Revealing info on polygraphs
Research commissioned by the National Police Chiefs’ Council has uncovered evidence that polygraph tests may be useful in managing sex offenders in the community. The project, led by Forensic Psychologist and Chartered member Professor Jane Wood, concluded that voluntary and mandatory polygraph tests increase the chance that people convicted or suspected of sexual offending will reveal information relevant to their level of risk.
Wood (University of Kent) and colleagues at the Centre of Research and Education in Forensic Psychology carried out the research over two years using information provided by the police including the risk-relevant disclosures made by participants, the seriousness of those disclosures and the actions taken in response to them. The research involved more than 800 people convicted or suspected of sexual offences who were randomly assigned to the polygraph testing or comparison group.
In a statement Wood said: ‘Our findings support the police use of polygraph testing, particularly mandatory polygraph testing, as a supportive tool for managing individuals convicted of sexual offences who live in the community. This is because polygraph testing elicits important new information related to risk that would ordinarily remain unknown.’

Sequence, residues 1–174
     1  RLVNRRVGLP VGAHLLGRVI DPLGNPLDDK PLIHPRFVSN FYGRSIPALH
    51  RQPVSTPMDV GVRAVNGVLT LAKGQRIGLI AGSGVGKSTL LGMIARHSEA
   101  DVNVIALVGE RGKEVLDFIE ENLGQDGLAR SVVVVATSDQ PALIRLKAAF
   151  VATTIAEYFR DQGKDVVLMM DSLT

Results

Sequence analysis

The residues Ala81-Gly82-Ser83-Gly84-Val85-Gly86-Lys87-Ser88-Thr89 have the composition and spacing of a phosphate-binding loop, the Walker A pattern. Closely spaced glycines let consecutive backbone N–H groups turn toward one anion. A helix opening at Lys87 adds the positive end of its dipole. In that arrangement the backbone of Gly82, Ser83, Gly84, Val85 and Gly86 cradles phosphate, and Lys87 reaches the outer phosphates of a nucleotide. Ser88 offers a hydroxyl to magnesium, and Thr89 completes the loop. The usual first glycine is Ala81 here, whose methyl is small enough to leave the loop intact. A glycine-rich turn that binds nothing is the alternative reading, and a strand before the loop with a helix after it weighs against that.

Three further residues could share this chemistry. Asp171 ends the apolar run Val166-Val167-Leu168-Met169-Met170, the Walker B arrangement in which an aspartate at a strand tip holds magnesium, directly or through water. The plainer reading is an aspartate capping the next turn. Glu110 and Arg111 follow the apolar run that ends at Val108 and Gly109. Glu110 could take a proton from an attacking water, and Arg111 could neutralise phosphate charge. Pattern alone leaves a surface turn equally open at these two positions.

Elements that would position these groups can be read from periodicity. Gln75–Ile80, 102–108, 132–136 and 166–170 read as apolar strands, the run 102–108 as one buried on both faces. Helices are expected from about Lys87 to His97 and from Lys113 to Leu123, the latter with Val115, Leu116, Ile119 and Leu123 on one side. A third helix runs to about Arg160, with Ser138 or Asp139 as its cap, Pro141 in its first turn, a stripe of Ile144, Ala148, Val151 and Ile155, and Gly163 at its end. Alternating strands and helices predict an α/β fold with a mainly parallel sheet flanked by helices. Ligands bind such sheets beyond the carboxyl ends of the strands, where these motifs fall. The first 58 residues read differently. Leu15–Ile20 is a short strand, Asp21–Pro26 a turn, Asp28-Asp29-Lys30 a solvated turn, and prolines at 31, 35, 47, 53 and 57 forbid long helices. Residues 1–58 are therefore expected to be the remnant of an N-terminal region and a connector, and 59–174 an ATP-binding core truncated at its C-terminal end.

National Police Chiefs’ Council’s Lead for the Management of Sexual and Violent Offenders, Chief Constable Michelle Skeer, said in a statement: ‘This research … recommends the introduction of mandatory tests for convicted sex offenders as being the most effective method of monitoring them by police. We will give this research careful consideration alongside others in policing and the Home Office as the recommendation would require a change in the law.’
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